Eric: it's like but you know there wasn't like a year and a half ago there wasn't a lot of deer hunting stuff there I was like there and I was like man there's nothing here and like then this year I checked again like within the last three months and I'm  like whoa where'd all this come from like yeah I think people are just becoming more internet savvy yeah they are all together right so now we're seeing other audiences start to kind of spin up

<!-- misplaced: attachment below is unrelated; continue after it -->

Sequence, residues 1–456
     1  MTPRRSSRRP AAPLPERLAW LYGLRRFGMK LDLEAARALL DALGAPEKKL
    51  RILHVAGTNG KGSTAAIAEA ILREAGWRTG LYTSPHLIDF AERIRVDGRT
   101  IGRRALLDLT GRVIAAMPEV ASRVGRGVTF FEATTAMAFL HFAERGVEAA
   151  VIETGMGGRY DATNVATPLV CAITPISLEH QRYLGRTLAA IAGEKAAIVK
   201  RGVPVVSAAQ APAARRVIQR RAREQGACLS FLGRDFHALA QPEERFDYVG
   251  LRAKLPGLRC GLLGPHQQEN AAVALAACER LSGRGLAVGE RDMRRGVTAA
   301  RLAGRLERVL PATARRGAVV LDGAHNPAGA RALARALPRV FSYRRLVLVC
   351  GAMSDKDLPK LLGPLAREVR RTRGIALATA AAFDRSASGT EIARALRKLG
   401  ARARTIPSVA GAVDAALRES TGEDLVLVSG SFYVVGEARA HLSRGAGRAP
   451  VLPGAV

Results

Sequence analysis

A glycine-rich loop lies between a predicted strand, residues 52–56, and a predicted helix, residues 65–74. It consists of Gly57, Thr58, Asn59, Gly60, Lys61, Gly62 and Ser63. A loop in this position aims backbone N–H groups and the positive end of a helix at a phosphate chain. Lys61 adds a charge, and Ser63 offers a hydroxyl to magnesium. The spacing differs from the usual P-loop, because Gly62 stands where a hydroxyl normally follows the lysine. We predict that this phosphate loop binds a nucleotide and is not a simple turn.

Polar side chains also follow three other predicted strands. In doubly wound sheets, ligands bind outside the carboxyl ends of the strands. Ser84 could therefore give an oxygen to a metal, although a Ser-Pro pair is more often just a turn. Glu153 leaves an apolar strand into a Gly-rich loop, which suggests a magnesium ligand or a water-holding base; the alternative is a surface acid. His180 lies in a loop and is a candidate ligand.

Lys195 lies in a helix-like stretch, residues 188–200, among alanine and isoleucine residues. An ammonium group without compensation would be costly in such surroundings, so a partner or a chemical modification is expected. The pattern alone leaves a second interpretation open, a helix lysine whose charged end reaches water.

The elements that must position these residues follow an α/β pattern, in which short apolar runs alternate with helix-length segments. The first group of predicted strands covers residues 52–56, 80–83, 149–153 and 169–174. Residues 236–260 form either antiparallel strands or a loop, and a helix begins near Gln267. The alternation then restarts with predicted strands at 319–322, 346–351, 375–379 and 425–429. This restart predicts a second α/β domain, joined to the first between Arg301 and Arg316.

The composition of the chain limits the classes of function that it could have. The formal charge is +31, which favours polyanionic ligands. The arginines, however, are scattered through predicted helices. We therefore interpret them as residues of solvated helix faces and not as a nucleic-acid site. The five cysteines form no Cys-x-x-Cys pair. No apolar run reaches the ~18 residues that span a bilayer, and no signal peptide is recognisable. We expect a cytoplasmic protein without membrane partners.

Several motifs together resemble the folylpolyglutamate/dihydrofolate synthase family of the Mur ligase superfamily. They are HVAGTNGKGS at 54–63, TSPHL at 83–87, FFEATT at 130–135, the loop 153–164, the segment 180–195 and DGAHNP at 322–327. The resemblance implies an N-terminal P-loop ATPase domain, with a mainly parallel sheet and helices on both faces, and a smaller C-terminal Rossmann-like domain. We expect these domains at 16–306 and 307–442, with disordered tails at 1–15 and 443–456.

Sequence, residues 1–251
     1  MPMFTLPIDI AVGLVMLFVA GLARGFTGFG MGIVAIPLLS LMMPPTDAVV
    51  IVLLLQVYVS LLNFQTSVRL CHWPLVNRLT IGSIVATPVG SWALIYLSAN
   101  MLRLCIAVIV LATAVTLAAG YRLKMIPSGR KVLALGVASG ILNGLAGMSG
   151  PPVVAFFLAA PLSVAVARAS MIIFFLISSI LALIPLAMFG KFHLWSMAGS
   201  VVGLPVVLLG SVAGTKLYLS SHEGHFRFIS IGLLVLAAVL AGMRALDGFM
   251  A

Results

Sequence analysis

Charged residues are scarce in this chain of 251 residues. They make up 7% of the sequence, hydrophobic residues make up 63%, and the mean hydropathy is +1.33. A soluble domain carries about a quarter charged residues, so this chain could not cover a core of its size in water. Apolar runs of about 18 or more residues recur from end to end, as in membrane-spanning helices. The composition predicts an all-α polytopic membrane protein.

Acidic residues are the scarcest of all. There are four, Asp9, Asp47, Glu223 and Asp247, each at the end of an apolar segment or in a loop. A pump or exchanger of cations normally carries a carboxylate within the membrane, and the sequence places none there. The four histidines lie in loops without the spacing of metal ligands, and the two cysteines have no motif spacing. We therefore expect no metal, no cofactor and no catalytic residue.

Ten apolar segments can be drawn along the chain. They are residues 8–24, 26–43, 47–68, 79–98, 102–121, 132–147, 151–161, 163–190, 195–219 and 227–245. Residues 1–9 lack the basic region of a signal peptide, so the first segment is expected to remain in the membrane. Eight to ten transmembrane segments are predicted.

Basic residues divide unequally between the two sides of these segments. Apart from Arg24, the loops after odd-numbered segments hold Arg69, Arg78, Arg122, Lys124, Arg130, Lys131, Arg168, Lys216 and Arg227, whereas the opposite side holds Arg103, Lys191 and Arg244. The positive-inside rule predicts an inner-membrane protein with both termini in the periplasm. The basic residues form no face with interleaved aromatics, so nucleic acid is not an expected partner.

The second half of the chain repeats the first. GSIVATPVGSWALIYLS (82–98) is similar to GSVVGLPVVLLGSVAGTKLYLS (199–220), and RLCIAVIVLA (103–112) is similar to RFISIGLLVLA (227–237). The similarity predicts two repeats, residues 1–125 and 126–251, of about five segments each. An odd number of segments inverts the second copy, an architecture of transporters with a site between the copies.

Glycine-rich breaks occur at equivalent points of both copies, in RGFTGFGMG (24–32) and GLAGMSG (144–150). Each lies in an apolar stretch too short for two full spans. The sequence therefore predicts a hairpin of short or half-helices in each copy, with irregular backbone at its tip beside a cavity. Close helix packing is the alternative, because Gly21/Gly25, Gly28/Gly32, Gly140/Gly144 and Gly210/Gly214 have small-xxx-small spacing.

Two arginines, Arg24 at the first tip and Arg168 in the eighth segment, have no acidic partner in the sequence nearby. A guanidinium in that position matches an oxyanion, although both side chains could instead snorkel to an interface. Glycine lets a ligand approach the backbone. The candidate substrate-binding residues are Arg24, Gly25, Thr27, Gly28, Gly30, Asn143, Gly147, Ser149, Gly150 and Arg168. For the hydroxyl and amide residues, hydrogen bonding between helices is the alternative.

Brad: it's a weird place man and like you said I've  posted into the hunting subreddit before and had the mods like contact me if you post that again I'm  going to kick you off of here because I it was something about GoWild like you're self-promoting I'm  like I'm  sharing content that I made like I didn't know that you couldn't do that it wasn't spam but sometimes you post and it's cool like I've  posted I post in there every now and then you know usually not promotional but one fair warning the forums and reddit approach cautiously do scan through the rules if you're new to that all right man so so great answer on where you go for information I think you left off a whole laundry list of places to go through for there let's talk about though and I don't think you're necessarily a small game hunter but what advice do you have for maybe options for somebody if they they don't necessarily get a deer you know people kind of I think a lot of people are like this is you know that's the way to get meat and it is a great way or if you're out west and elk you know obviously like getting a large big game animal is going to provide a lot of meat but for if you're new what are some of the other opportunities out there that people should consider